NEW BRITAIN – Jovan Orozco Rodriguez dreams of becoming a police officer. New Britain High School’s inaugural Public Safety Academy is helping him turn that dream into a reality.
“I really want to do some good for the community,” said Rodriguez, 15. “It was cool to learn about the police in a more in-depth way and see the process of how cases work.”
The New Britain High School student is a part of the school’s academy, where three class sections focusing on police, fire and emergency medical services (EMS) are taught to junior and senior students in seven-week increments by local professionals.
At the end of its first seven-week course on the police force, the 18-student class took a field trip to the New Britain Police Department to tour its facilities, watched live demonstrations and interacted with a police dog named Pup.
“It feels good to be out here and see what the officers do,” Rodriguez said. “I got to ask questions and I’m even more interested now to be in the police force.”
Currently operating as a pilot class, educators are hoping to build the public safety sector into the New Britain High School Academies program. The academies focus on specific professional industries such as business and finance, health and science, public service, and manufacturing, engineering and technology.
“We hope for the public safety academy to serve as a bridge between health and science and public service,” said Carolyn Ganley, family and consumer science teacher. “It’s part of what we want to do to help kids advance to the next level of their life, whether it’s college or a career.”
Ganley said the school has wanted to start the academy for a while to give students more options to see if being a police officer, firefighter or emergency medical service worker would be a good fit.
“We’ve had kids express interest in all three areas so we think just the exposure alone will help them learn what works for them,” said Darlene Clark, who is a health teacher at the academy. “Especially with these choices, you don’t necessarily have to have a four-year degree so it gives more opportunities for those who don’t think college is for them.”
The classes not only benefit the students, but the teachers as well. Being a part of the program has opened Ganley’s eyes to what the police do.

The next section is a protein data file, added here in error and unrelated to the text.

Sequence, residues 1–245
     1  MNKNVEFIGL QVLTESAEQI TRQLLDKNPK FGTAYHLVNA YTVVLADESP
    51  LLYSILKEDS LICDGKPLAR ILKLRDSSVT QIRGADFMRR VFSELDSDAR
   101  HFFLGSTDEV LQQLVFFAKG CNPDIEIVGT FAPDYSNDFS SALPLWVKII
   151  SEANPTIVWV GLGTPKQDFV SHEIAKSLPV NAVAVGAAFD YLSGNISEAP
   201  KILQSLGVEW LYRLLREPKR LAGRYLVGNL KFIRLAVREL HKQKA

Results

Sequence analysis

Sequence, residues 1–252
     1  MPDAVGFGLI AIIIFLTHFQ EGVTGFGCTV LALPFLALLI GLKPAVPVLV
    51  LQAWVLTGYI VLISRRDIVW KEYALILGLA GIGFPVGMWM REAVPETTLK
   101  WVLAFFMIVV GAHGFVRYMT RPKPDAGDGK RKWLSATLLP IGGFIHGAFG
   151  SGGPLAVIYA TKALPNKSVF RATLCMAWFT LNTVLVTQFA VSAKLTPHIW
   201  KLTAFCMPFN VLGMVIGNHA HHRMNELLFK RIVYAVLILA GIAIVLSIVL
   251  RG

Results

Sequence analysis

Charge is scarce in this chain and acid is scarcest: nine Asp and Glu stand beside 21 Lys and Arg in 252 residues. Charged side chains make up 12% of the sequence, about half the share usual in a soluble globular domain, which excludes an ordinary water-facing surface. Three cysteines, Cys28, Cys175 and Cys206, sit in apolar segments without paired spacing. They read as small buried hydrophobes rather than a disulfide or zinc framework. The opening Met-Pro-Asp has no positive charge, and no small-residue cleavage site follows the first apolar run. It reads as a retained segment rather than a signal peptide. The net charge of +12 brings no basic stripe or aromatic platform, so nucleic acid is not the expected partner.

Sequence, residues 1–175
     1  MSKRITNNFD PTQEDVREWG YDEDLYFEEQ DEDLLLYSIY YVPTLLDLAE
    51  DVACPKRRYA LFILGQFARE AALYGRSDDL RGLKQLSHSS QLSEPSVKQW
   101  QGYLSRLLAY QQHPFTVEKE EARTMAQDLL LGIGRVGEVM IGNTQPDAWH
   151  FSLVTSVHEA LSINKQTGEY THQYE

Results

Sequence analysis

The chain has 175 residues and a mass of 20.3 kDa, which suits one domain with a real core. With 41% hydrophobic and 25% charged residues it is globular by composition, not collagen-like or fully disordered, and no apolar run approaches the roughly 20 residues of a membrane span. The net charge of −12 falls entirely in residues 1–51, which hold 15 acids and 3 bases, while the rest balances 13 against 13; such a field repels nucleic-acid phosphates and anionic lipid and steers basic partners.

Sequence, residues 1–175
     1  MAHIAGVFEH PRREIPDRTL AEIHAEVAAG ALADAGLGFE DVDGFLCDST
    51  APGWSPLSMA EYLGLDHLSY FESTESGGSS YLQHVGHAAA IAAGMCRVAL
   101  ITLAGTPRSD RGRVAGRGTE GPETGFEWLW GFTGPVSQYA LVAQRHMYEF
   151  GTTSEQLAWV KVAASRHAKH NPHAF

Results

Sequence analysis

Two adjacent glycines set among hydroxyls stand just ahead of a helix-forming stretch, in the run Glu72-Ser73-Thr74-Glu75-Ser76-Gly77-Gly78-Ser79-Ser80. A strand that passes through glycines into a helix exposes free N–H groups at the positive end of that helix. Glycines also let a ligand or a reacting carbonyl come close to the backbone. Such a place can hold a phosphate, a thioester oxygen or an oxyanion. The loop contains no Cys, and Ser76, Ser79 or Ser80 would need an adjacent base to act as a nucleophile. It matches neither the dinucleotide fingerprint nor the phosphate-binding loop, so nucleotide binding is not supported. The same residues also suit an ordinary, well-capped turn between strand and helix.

“The hours they put in, how many departments there are, and all the moving pieces that make up policing. It really is amazing,” she said.
Because of the pandemic, most classes have been taught virtually with a handful of in-person sessions. With hopes to be back in the physical classroom soon, both Ganley and Clark would like to provide more hands-on experiences with the next two sessions on the fire department and emergency medical services.
Amna Ali, 17, is a part of the high school’s nursing program and joined the public safety academy because she wanted to learn more about emergency medical services.
“It’s been really cool seeing how the police department works,” she said. “I’m interested in EMS, but I think it’s important to understand how all the areas work together.”
After watching K-9 police officers demonstrate how police dogs are trained, Karina Diaz-Doran said she loves any type of public safety and wants to learn more about the different areas.
“This is such a good opportunity to dip into each department,” said Diaz-Doran, 15, who’s interested in the medical field. “It’s been really interesting to see how they all tie together and it made me more interested in being in the field.”
For Bart Wichowski, a patrol officer who participated in the course, he said it was important for the students to understand that police officers are fellow human beings.
“We’re here to help them and we’re their police department,” he said. “My biggest takeaway working with them was being able to chat, to laugh and have a good time. We used to be able to do events at the high school regularly before the pandemic. So we’re glad to have this opportunity to meet with them.”
Contact Catherine Shen at firstname.lastname@example.org